Feels like just yesterday we were looking at ideas for Thanksgiving meals, right? Despite the many lovely recipes in the NYTimes Vegetarian Thanksgiving compilations, my search for something featuring tempeh ultimately led me to the orange-maple tempeh at 101 Cookbooks.
The tempeh went perfectly with the wonderful array of traditional sides that my mom prepared, including mashed potatoes, dressing (AKA stuffing), mixed green salad, and whipped sweet potatoes (from my dad’s garden — candy sweet with no sugar added). I doubled the recipe to insure we had enough for leftovers, which were delicious topped with the vegetarian gravy I made.
Still, our perusal of other holiday recipe ideas left us with a nice list of things to make later, including this Buckwheat Harvest Tart. It looked labor- and time-intensive, so we kept postponing it, but I took advantage of my baby-free Monday last week and spent most of the afternoon in the kitchen, working with this guy.
Perhaps Matthew will share the real name in the comments, but I call it “the big warty squash.” Less-than-attractive nickname aside, this is a delicious variety of winter squash, with lots of rich, flavorful flesh (and the seeds roast well, too). I cubed some for the tart (along with some Silver Bell, another of our favorite squash varieties from this year), but I was left with quite a lot for roasting. I followed my usual, fast and easy, slice and rub with coconut oil approach.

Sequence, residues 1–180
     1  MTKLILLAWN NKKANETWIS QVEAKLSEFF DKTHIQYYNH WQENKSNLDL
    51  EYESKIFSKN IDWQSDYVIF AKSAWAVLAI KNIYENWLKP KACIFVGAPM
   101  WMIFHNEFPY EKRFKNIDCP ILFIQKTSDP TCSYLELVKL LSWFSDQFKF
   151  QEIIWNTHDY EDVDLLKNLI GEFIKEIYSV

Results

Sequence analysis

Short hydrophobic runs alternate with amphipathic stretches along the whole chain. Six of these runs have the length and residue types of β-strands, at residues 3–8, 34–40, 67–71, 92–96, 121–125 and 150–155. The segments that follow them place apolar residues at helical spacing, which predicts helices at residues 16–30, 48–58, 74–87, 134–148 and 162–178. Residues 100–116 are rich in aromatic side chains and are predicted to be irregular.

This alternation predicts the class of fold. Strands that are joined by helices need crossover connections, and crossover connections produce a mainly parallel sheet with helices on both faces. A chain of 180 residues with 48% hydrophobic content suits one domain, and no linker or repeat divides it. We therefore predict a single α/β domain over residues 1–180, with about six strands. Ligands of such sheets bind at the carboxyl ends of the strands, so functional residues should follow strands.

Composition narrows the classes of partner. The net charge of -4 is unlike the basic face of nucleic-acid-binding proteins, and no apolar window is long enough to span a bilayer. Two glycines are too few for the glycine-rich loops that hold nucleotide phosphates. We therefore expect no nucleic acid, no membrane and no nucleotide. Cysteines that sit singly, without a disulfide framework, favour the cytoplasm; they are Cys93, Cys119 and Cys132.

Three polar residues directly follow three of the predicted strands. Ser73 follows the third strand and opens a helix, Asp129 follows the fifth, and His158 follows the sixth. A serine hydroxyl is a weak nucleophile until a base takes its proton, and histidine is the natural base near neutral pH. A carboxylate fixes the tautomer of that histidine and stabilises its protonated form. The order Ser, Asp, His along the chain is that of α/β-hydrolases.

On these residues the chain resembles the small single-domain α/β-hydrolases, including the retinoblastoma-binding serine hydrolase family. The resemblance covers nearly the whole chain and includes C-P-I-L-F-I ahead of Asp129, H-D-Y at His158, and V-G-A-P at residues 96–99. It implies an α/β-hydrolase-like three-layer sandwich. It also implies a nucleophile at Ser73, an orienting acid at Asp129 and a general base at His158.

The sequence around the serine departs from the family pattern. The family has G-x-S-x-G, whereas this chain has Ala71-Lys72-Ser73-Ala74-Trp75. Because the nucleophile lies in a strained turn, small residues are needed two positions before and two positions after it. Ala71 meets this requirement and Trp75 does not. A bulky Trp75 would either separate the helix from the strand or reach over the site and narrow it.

Roasted squash perfection — yum! But not to be outdone, here’s the star of the show, pre-cheese sprinkling step and before oven time.
The various flavors came together so well here, showing the value of a good recipe. Labor-intensive, but worth it!
We’re brainstorming ways to use the flavors of the filling in dishes other than tarts. For starters, you could certainly omit the eggs and serve the cooked veggies over pasta or another grain.
After making this on Monday, I settled down to simpler meals for the rest of the week, and Matthew focused his attention on baking cookies, old favorites and a new-to-us variety. More on those later . . . .